Protecting your copyright
Curtin’s Intellectual Property Policy and Procedures determines who owns copyright in works created by University staff and students.
Unless there is an agreement to the contrary:
- Students own the copyright in their work (including theses). This means staff who want to use student work, for example to demonstrate exemplars, will need to ask students for their permission to do so.
- The University owns the copyright in work created by staff as part of their day-to-day duties, including teaching materials.
- Staff own the copyright in scholarly works created by them, The University claims a non-exclusive, royalty-free licence to use the work for educational and research purposes.
Although not required under the Act, it is best practice to indicate your copyright ownership on any work you create. For published material, copyright wording usually appears in the first few pages of the publication. For online content, it is common for copyright wording to appear at the start or end of a work.
The wording should include the copyright symbol, your name, the year the work was created or published, your contact details, and any conditions of use. For example:
The notice should include the copyright symbol, your name, the year you created or published the work, your contact details and any conditions of use you wish to impose. For example:
© Copyright 2018 J.Bloggs. email@example.com. All rights reserved.
When specifying conditions of use, consider what kinds of uses you would like to permit or prohibit. You may want to consider making the work available under a Creative Commons licence. We have listed some examples of conditions of use below, however you can seek further advice on wording from Legal Services.
- No part of this [work] may be reproduced, in whole or in part, without the written permission of the copyright holder.
- Permission is granted to use this [work] for personal use and for educational purposes.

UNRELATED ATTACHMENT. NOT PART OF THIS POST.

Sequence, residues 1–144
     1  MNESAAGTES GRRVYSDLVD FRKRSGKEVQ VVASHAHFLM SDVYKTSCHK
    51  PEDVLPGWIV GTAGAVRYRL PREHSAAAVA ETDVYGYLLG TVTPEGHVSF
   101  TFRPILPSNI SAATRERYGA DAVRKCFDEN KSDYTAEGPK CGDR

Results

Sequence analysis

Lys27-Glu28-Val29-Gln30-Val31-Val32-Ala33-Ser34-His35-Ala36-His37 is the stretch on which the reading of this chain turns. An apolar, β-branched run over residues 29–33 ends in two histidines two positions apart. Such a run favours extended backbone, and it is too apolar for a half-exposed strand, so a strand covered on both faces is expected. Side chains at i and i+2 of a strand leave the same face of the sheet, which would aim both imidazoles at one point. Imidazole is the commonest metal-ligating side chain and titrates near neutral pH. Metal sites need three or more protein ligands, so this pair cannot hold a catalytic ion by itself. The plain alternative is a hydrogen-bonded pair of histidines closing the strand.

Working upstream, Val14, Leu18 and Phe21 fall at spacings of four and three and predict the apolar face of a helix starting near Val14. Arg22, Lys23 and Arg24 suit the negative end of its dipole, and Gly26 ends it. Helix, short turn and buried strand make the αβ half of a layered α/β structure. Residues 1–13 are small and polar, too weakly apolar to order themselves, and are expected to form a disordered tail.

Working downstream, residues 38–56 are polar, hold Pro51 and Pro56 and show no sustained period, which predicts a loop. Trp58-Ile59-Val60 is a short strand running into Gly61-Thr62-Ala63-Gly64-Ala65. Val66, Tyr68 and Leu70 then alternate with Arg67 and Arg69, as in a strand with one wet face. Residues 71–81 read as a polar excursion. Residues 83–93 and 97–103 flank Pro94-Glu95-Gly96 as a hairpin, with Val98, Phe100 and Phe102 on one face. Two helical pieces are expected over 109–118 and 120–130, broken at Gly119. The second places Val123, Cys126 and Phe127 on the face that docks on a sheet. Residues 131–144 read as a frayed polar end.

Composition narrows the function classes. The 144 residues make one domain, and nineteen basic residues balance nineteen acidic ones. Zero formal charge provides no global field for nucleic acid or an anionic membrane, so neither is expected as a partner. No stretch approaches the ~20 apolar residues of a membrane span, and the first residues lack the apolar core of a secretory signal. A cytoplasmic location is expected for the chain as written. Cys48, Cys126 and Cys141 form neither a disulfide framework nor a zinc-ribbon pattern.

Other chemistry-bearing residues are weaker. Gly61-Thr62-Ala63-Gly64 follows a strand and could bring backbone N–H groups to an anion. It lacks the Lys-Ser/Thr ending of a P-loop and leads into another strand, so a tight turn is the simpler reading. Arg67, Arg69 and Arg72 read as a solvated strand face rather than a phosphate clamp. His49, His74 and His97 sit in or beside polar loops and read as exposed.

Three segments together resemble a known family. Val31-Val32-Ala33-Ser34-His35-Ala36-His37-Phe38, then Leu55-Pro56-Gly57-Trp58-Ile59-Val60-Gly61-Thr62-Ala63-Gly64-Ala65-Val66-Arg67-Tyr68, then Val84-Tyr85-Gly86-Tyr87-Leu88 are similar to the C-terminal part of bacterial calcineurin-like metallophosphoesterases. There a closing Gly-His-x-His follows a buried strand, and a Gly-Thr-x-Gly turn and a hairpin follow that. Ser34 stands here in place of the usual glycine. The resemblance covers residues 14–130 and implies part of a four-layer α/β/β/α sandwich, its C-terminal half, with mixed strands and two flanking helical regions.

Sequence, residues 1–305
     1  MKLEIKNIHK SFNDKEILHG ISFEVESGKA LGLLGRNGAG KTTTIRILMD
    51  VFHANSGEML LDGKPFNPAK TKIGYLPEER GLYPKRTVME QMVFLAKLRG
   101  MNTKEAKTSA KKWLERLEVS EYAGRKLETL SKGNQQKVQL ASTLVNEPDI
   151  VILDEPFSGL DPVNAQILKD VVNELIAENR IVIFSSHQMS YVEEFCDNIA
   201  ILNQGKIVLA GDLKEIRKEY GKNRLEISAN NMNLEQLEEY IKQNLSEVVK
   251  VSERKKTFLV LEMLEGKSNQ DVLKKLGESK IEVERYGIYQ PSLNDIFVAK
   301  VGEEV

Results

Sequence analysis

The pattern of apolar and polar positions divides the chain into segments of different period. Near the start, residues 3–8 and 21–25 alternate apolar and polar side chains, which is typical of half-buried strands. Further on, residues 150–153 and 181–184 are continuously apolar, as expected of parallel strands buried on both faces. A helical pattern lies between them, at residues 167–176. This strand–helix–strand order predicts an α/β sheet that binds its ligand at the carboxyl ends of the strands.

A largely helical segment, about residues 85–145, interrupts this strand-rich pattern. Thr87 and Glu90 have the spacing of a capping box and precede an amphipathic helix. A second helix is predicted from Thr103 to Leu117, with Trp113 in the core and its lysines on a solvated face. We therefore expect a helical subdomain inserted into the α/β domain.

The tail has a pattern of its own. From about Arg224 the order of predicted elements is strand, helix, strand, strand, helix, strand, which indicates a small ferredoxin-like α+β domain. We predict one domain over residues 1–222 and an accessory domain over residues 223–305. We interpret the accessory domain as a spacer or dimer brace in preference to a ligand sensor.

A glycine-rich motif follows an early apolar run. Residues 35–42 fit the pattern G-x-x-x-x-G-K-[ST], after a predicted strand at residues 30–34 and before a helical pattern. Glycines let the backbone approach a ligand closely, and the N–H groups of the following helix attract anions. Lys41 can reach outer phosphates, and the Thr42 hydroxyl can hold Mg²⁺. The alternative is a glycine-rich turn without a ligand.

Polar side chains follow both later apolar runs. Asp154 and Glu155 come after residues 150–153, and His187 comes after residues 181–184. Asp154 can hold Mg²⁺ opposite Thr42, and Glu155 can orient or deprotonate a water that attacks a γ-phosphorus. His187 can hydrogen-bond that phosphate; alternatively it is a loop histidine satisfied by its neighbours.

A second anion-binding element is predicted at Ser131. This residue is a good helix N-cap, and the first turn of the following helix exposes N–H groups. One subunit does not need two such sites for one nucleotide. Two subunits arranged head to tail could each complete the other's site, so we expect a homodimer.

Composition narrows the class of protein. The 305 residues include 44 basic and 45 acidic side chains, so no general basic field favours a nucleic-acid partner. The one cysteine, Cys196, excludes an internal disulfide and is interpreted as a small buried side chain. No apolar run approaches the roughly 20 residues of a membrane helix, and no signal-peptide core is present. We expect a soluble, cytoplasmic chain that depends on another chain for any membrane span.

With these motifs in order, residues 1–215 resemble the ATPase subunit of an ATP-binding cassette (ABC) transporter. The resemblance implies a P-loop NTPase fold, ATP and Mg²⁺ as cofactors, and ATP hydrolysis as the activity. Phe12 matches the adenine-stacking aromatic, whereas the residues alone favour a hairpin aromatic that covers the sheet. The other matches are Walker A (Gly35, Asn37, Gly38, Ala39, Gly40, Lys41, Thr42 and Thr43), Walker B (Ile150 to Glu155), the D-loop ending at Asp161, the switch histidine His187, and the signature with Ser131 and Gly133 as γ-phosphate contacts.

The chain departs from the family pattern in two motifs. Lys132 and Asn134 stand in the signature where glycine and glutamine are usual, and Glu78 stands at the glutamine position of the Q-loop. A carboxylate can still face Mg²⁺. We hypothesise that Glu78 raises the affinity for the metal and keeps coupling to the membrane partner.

- This [work] may be used as permitted by the Copyright Act 1968, provided appropriate acknowledgement of the source is provided.
Assigning your copyright
Creators of copyright works may assign their copyright to someone else. If you assign the copyright to another individual or group, you will no longer be the copyright holder. A common example is when researchers assign their copyright in a research article to a publisher. Moral rights remain with the creator, even if copyright is assigned.
You should consider carefully if you want to assign your copyright, as you may find yourself in a position where you need to seek permission from the publisher to use your own work elsewhere, and in some cases you may need to pay a licensing fee for that use. You may want to consider negotiating the terms of the copyright assignment, to retain some of your rights (e.g. the right to deposit a copy in Curtin’s institutional repository espace). If you sign an agreement, make sure you keep a copy for your records.
Curtin staff should be aware that the University’s Intellectual Property Policy and Procedures require them to notify the University in writing if they assign their copyright ownership to a commercial entity.
Licensing your copyright
A licence of copyright may be preferable to assigning copyright, as you can retain your copyright ownership while allowing the licensee to use your work in a particular way. Licences may be exclusive or non-exclusive:
- Exclusive licence – the licensee is the only one who can use the work in the way specified in the licence. For example, a book publishing agreement may grant a publisher the exclusive right to publish your novel, which would mean you cannot licence the publication rights to anyone else.
- Non-exclusive licence – you grant someone the ability to use the work, but you may also continue to use the work in that way yourself, and you can grant others non-exclusive licence to use the work. For example, you may grant a non-exclusive licence to more than one publisher to reproduce your illustrations in a book, as well as reproducing the illustrations yourself.